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Tip: Create System Startup / Shutdown and User Logon / Logoff Scripts

With Windows Server 2008 you can configure four types of scripts:
Computer Startup Executed during startup
Computer Shutdown Executed prior to shutdown
User Logon Executed when a user logs on
User Logoff Executed when a user logs off

You can write scripts as command-shell batch scripts ending with the .bat or .cmd extension or as scripts that use the Windows Script Host (WSH). WSH is a feature of Windows Server 2008 that lets you use scripts written in a scripting language, such as VBScript, without needing to insert the script into a Web page. To provide a multipurpose scripting environment, WSH relies on scripting engines. A scripting engine is the component that defines the core syntax and structure of a particular scripting language.

Assigning Computer Startup and Shutdown Scripts
Computer startup and shutdown scripts are assigned as part of a group policy. In this way, all computers that are members of the site, domain, or organizational unit—or all three—execute scripts automatically when they’re booted or shut down.

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To assign a computer startup or shutdown script, follow these steps:
1. For easy management, copy the scripts you want to use to the Machine\Scripts\Startup or Machine\Scripts\Shutdown folder for the related policy. Policies are stored in the %SystemRoot%\Sysvol\Domain\Policies folder on domain controllers.
2. In the GPMC, right-click the GPO for the site, domain, or organizational unit you want to work with and then select Edit. This opens the policy editor for the GPO.
3. In the Computer Configuration node, double-click the Windows Settings folder and then click Scripts.
4. To work with startup scripts, right-click Startup and then select Properties. To work with shutdown scripts, right-click Shutdown and then select Properties.
5. Click Show Files. If you copied the computer script to the correct location in the Policies folder, you should see the script.
6. Click Add to assign a script. This opens the Add A Script dialog box. In the Script Name field, type the name of the script you copied to the Machine\Scripts\Startup or the Machine\Scripts\Shutdown folder for the related policy. In the Script Parameters field, enter any command-line arguments to pass to the command-line script or parameters to pass to the scripting host for a WSH script. Repeat this step to add other scripts.
7. During startup or shutdown, scripts are executed in the order in which they’re listed in the Properties dialog box. Use the Up and Down buttons to reposition scripts as necessary.
8. If you want to edit the script name or parameters later, select the script in the Script For list and then click Edit.
9. To delete a script, select the script in the Script For list, and then click Remove.

Assigning User Logon and Logoff Scripts
You can assign user scripts in one of three ways:
  • You can assign logon and logoff scripts as part of a group policy. In this way, all users who are members of the site, domain, or organizational unit—or all three—execute scripts automatically when they log on or log off.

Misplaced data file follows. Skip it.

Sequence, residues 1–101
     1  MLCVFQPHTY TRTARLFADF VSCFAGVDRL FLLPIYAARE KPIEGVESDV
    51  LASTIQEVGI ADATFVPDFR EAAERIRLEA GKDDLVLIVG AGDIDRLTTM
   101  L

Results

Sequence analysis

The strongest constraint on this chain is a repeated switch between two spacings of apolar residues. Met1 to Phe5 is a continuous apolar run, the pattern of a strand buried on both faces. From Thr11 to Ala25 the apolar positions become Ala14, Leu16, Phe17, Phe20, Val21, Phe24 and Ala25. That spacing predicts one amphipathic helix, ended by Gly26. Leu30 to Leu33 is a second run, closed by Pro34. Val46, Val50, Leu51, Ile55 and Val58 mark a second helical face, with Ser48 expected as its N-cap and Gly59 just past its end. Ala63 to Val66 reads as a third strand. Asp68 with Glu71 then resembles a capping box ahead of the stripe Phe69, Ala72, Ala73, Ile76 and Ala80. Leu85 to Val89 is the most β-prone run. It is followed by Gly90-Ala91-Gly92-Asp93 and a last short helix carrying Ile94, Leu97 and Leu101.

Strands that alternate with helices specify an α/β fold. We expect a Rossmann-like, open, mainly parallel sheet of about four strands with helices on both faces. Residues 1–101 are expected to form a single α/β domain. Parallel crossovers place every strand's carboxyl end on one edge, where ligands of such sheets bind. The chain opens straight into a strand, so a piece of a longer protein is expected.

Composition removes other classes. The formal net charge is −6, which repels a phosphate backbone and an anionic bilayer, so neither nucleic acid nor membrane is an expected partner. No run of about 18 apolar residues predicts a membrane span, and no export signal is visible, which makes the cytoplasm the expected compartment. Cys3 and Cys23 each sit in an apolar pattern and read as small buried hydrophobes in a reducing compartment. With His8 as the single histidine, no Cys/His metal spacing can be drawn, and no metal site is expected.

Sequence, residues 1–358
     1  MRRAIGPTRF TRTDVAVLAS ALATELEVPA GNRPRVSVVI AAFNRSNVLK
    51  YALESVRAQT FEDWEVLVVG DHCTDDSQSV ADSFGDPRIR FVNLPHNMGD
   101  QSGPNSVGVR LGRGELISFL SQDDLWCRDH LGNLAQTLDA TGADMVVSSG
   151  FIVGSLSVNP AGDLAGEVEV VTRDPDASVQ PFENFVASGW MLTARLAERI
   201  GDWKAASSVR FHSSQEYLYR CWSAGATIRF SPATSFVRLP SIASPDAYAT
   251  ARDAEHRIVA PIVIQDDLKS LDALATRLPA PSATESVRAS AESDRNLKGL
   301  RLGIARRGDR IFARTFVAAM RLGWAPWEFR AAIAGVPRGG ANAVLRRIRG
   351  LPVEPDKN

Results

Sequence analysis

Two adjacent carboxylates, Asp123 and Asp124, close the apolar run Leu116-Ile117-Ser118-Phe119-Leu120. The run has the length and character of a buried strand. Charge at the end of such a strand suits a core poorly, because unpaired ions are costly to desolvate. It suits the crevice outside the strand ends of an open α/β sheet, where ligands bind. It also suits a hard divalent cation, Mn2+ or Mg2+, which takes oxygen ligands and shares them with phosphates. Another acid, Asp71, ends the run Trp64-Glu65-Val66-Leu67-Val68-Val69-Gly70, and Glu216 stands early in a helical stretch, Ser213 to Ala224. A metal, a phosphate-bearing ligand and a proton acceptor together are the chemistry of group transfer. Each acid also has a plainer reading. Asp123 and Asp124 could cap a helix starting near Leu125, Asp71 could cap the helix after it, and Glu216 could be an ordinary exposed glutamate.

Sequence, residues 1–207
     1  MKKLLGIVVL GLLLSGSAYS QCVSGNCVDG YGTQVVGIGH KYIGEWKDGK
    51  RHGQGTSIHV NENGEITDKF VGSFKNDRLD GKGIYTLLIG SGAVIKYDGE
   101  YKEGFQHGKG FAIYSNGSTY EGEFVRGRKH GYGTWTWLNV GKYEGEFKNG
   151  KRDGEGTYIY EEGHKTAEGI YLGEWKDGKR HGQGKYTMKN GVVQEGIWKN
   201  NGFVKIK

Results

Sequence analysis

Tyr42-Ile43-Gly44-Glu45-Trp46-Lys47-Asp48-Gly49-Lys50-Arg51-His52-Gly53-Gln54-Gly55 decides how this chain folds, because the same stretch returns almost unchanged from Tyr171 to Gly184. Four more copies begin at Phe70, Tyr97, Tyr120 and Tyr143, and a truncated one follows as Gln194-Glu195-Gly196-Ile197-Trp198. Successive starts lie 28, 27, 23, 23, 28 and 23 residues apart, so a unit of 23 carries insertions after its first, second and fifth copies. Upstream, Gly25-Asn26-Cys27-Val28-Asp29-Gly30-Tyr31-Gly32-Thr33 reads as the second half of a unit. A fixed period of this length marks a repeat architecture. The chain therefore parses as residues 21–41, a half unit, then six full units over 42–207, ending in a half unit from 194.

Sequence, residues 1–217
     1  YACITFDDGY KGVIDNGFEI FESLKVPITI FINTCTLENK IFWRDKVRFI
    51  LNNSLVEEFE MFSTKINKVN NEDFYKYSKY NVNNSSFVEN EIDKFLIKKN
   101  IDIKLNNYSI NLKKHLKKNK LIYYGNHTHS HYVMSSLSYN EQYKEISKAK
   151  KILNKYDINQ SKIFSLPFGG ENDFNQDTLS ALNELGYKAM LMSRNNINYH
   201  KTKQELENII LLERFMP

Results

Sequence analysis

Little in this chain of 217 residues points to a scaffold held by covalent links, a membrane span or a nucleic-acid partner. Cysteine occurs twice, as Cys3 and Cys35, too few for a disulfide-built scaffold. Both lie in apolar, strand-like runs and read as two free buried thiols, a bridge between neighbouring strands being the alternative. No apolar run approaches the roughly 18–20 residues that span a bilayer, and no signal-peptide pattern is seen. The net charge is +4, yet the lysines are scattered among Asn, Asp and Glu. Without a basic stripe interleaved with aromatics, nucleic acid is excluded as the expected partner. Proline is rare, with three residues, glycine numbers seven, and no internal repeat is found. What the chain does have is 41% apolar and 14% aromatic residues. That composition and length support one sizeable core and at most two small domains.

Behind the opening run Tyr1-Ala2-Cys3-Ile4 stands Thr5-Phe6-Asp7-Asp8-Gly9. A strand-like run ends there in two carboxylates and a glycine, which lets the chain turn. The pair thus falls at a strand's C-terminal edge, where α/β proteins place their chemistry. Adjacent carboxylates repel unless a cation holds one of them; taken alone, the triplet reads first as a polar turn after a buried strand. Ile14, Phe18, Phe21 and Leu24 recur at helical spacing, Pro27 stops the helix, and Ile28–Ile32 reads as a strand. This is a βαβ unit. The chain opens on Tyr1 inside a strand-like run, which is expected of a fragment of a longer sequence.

• You can also assign logon scripts individually through the Active Directory Users And Computers console. In this way, you can assign each user or group a separate logon script.
  • You can also assign individual logon scripts as scheduled tasks. You schedule tasks using the Scheduled Task Wizard.
To assign a logon or logoff script in a group policy, follow these steps:
1. For easy management, copy the scripts you want to use to the User\Scripts\Logon or the User\Scripts\Logoff folder for the related policy. Policies are stored in the %SystemRoot%\Sysvol\Domain\Policies folder on domain controllers.
2. In the GPMC, right-click the GPO for the site, domain, or organizational unit you want to work with and then select Edit. This opens the policy editor for the GPO.
3. Double-click the Windows Settings folder in the User Configuration node and then click Scripts.
4. To work with logon scripts, right-click Logon and then select Properties. To work with logoff scripts, right-click Logoff and then select Properties.
5. Click Show Files. If you copied the user script to the correct location in the Policies folder, you should see the script.
6. Click Add to assign a script. This opens the Add A Script dialog box. In the Script Name field, type the name of the script you copied to the User\Scripts\Logon or the User\Scripts\Logoff folder for the related policy. In the Script Parameter field, enter any command-line arguments to pass to the command-line script or parameters to pass to the scripting host for a WSH script. Repeat this step to add other scripts.
7. During logon or logoff, scripts are executed in the order in which they’re listed in the Properties dialog box. Use the Up and Down buttons to reposition scripts as necessary.
8. If you want to edit the script name or parameters later, select the script in the Script For list and then click Edit.
9. To delete a script, select the script in the Script For list, and then click Remove.


From the Microsoft Press book Microsoft Windows Server 2008 Administrator’s Pocket Consultant by William R. Stanek.

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